Bryce Canyon National Park in the fog

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On one of my trips between Salt Lake and Phoenix I decided to make a slight detour and stop at Bryce Canyon National Park. I was hoping for some gorgeous photos of soaring ruddy cliffs and orangey spires in the setting sun. The weather had very different ideas. The entire canyon was smothered in fog, from the rim you could hardly see anything below.

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On a whim I decided to hike down into the canyon, hoping for a few awesome shots. I was absolutely unprepared for such a hike, I was wearing sandals, no water, and no real rain protection. But, the Navajo Loop trail is just a little more than a mile, descending down the canyon walls, through Wall Street, wandering along the bottom of the canyon with the creek and the pine trees, and then back up again. I figured it couldn’t be that bad.

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This is Wall Street, it’s easy to imagine these soaring cliffs as enormous sky scrapers, right? The trail was wet and pretty slick, I carefully picked my way down the switchbacks, big camera in hand. It’s hard to imagine how enormous these cliffs are, how tiny the hikers seem. But, lawsy, those views!!!

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From the bottom of the canyon looking back towards the rim, I felt like I was in a completely different world from the one at the surface. There weren’t may people there, and it only added to the creepy-beautiful feeling, eerie and other-worldly and heart-breakingly quiet.

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The weather cleared up as I made my way out of Wall Street and onto the rest of the Loop trail, there were cedar trees and sherberty colored stripes and outcropping hoodoos everywhere.

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As I began to ascend the canyon wall, the weather began to make me a little nervous. The drizzle of rain turned much more sleety, it got colder and the wind whistled through the formations. The trail was slick and muddy, my sandals slapped and slipped on the rocks. I carefully picked my way upwards, trying to shield my camera from the rain and simultaneously keep my balance with my very inappropriate footwear. It got foggier and foggier, I could really only see about 20 feet ahead of me when I came across Thor’s Hammer, one of the more photographed formations in Bryce Canyon.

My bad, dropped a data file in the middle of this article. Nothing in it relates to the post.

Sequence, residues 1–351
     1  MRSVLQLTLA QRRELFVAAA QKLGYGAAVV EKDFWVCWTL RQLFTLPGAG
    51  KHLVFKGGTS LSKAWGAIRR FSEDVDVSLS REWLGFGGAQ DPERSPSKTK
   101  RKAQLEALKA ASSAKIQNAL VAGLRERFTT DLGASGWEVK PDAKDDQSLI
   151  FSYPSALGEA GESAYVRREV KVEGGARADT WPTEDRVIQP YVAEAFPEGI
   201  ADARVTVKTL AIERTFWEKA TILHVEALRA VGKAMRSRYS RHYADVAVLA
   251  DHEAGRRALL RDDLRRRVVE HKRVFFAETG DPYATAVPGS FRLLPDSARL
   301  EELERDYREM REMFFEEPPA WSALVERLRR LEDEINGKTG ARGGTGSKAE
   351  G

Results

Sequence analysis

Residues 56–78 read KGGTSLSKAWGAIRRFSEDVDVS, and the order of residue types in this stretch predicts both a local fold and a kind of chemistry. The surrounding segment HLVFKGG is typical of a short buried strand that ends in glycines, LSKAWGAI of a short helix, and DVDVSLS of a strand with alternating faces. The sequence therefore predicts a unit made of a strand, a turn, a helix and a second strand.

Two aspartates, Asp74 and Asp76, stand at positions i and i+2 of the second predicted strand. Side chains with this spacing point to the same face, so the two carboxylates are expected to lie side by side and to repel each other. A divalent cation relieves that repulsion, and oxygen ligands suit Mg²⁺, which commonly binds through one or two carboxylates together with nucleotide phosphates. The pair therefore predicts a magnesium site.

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Within 30 seconds, the fog had swallowed this formation completely. I hurried as quickly as I could back to the rim, picking my way, slipping and sliding on the now completely empty trail. The fog topside was thicker and heavier than before, I was relieved to get back in my dry car and crank up the heat. Even though this was a very quick stop, I really loved my short hike and these images.

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Have you been to Bryce Canyon? Have you ever hiked in the fog? Tell me your stories!

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Chronic

A number of years ago I was in a pretty ugly car accident. It was almost midnight, I was on my way home, and some criminal was leading a high speed chase of at least 30 police vehicles from three different departments (two separate cities and the highway patrol). He ran a red light in a residential area going about 60 miles per hour and slammed into my car, T-bone style. I spun through the intersection, he kept going, cops in pursuit. I found out later that he had stopped a few blocks down the street and tried to escape on foot, only to be caught by an enormous German Shepherd, the crook was taken to the hospital to treat his dog bites, and then to jail, where he languished for weeks. The dog was given a police treat and loaded back into the K9 truck to catch the next criminal. The news reports said the driver was evading police, who were only trying to pull him over for a headlight violation. Uh, that’s not true. The only thing I really remember pre-impact was two headlights coming right at me. But, whatever, I guess it’s good that a) he was caught and b) he miraculously had insurance, not that I knew that for another 6 weeks (because, who calls their insurance agent from  jail), but whatever.